UPNG-ANU academics begin health and education research

Denise Lokinap and Peter Kanaparo examine questionnaires during training
Denise Lokinap and Peter Kanaparo examine questionnaires during training.

Over the past two months a small team of academics from the University of Papua New Guinea (UPNG) and The Australian National University (ANU) have been conducting research into the impacts of decentralization on the operational effectiveness of schools and health facilities.

UPNG staff Denise Lokinap and Peter Kanaparo, along with ANU staff Colin Wiltshire, Tara Davda, Grant Walton and Tatia Currie have been involved in training, a pilot and initial fieldwork in Gulf Province.

The research aims to better understand the performance of some of the current PNG Government’s key policies: financing of the health and education sectors, and decentralisation. By analysing case studies, it will shed light on how recent reforms impact schools and health facilities; and the reasons that church-run and accessible schools/health facilities performed better than those run by the state and in remote locations (key findings of the A Lost Decade? report).

Tara Davda, Colin Wiltshire and Peter Kanaparo examine a map.
Tara Davda, Colin Wiltshire and Peter Kanaparo examine a map.

This collaborative research project seeks to strengthen links between ANU and UPNG, and build the capacity of UPNG academics by providing training and experience in research and analysis.

Training was conducted at UPNG in April and included a field trip to Central Province. The training and pilot allowed the team to test and subsequently improve their research instruments.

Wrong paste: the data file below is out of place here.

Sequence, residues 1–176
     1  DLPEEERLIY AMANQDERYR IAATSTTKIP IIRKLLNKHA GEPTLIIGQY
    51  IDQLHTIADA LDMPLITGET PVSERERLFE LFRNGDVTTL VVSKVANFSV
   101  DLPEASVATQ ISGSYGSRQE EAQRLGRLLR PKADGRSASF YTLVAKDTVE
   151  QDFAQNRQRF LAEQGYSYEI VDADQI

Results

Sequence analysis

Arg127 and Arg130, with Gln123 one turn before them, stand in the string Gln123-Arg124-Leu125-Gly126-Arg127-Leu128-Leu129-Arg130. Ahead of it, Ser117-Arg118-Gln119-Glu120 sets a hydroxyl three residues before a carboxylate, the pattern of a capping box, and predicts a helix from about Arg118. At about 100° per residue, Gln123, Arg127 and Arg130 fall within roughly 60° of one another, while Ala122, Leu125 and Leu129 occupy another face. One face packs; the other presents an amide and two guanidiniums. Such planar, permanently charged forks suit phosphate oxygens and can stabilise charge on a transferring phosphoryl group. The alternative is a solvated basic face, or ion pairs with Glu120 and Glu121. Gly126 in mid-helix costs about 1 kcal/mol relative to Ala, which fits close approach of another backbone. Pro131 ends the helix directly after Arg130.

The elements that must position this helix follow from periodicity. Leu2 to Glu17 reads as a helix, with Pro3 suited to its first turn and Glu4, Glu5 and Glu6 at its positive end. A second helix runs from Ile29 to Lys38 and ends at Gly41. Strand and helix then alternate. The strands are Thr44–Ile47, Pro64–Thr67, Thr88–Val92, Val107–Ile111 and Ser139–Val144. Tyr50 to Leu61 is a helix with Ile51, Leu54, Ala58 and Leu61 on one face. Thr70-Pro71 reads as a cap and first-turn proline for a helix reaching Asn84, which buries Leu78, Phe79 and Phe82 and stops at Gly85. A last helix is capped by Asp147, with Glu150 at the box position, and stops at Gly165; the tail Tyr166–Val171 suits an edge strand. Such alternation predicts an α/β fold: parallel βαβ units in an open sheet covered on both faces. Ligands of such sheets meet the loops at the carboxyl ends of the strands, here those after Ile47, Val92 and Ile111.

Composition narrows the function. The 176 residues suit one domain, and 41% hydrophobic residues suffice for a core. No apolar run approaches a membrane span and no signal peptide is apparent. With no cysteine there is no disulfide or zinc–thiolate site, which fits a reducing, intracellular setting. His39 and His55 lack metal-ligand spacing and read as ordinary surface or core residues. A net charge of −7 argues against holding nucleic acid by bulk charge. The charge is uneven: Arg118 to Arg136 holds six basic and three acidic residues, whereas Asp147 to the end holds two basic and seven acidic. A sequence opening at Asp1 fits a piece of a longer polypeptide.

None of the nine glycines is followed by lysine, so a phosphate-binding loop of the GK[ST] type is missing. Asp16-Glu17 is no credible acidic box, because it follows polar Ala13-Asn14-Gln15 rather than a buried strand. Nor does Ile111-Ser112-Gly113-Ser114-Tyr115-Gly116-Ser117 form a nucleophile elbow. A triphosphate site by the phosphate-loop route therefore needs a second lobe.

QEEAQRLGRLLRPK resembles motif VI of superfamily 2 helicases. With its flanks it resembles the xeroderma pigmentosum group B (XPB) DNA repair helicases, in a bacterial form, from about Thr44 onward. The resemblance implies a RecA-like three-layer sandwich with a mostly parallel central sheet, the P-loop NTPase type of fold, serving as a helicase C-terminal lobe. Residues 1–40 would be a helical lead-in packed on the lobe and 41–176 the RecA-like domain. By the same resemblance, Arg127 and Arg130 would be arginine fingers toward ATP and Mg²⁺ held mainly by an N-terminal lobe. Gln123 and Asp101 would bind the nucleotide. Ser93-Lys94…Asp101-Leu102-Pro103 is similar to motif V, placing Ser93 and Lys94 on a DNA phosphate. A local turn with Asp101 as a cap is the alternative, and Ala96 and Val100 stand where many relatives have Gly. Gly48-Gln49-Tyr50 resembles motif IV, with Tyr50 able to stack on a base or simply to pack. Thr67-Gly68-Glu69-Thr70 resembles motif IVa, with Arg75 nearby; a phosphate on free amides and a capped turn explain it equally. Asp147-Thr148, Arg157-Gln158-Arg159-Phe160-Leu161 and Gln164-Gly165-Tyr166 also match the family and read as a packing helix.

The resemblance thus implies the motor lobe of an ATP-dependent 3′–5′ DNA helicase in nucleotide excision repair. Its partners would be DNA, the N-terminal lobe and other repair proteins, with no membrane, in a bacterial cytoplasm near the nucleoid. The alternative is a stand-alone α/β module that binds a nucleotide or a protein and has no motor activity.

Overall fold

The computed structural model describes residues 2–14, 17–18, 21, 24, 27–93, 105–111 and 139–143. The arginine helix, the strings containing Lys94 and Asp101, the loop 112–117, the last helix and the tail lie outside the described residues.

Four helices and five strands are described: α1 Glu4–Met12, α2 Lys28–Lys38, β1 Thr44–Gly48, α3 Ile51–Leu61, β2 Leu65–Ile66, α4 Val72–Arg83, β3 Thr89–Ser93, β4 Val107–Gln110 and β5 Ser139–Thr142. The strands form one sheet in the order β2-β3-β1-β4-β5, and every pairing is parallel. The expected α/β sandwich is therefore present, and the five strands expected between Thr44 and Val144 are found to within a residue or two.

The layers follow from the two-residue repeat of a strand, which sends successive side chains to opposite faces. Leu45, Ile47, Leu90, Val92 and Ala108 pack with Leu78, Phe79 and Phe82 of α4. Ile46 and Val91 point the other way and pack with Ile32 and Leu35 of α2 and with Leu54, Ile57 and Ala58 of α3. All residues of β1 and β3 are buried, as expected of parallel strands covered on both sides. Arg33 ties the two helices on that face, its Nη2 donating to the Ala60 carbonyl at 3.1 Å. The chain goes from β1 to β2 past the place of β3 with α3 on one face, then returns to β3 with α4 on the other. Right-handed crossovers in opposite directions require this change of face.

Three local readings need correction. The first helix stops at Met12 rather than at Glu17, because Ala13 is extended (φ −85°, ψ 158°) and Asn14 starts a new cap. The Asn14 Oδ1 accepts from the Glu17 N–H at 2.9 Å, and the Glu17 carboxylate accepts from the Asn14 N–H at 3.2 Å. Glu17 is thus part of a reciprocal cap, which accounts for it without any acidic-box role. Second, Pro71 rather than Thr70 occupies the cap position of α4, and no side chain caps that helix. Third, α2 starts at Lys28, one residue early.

With an improved set of qualitative and quantitative research instruments, last month the research team made an initial visit to Gulf Province, focusing on Kerema district.

Respondents at health facilities included the Officer in Charge, and various community representatives. Education representatives included head-teachers, representatives from the Board of Management (such as the Women’s Representative, Chairperson, and Treasurer), community representatives, and teachers. The team also spoke to numerous district and provincial officials.

Trekking back from a remote school in Gulf Province.
Trekking back from a remote school in Gulf Province.

Respondents spoke about the challenges of delivering services in Gulf Province – one of PNG’s most remote provinces. The team was told of the high costs of transportation, which impacted on government officers – for example, on the ability for education Standards Officers (inspectors) to visit schools. Emotions sometimes ran high as provincial and district officers, and school and health facility workers recalled the numerous hardships they endure to do their jobs. The province’s remoteness had particularly dire consequences for implementing the Tuition Fee-Free Policy (TFF) and the government’s more recently established policies on free health care provision.

Pushing a boat through shallow waters in Gulf Province.
Pushing a boat through shallow waters in Gulf Province.

Further trips are scheduled to Gulf (this time to the even more remote Kikori district) and East New Britain (a better performing province) in June. The team will be analysing the data later in the year.